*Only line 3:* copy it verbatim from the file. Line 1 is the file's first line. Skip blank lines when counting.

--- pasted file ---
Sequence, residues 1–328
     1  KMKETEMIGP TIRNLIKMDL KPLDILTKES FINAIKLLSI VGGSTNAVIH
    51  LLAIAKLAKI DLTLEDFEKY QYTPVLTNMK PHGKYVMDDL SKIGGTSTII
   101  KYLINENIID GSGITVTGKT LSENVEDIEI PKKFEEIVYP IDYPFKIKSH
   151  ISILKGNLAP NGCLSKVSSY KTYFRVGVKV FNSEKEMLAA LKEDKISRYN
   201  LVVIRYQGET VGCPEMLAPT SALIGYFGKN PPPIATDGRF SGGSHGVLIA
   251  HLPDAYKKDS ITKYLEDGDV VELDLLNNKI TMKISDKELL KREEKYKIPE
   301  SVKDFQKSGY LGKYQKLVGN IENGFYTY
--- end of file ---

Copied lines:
    51  LLAIAKLAKI DLTLEDFEKY QYTPVLTNMK PHGKYVMDDL SKIGGTSTII